Non-porous bare silica nanoparticles, amine modified silica nanoparticles and mesoporous
particles, were evaluated as carriers for sodium ibandronate. The synthesized nanoparticles were characterized
by SEM, TEM, DLS and porosity. Then, their capacity to incorporate a bisphosphonate drug
(sodium ibandronate) and the in vitro release behavior was analyzed by capillary electrophoresis.
Mesoporous and amine-modified particles showed higher levels of drug incorporation, 44.68 mg g-1
and 28.90 mg g-1, respectively. The release kinetics from the two types of particles was similar following
a first order kinetics. However, when these particles were included into collagen hydrogels only
mesoporous nanoparticles had a sustained release for over 10 days. The biocompatibility of mesoporous particles towards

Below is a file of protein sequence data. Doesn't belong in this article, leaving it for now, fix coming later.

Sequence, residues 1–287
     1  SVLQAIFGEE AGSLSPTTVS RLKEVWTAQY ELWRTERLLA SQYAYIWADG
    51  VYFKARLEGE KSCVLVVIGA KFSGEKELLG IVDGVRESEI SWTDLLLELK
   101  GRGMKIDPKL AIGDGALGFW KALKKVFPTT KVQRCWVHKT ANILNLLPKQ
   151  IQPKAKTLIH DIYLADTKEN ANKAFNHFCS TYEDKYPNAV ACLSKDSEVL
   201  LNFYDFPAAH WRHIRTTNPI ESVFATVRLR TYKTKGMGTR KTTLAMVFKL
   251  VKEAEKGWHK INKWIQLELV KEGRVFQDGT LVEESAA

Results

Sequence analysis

Saos-2 cells was also evaluated by the MTT assay observing an increase in cell viability for concentrations lower than 0.6
mg ml-1 of particles and a decrease for concentrations over 1.2 mg ml-1. Furthermore, when these particles were incubated
with mesenchymal cells it was observed that they had the capacity to promote the differentiation of the cells with a significant
increase in the alkaline phosphatase activity.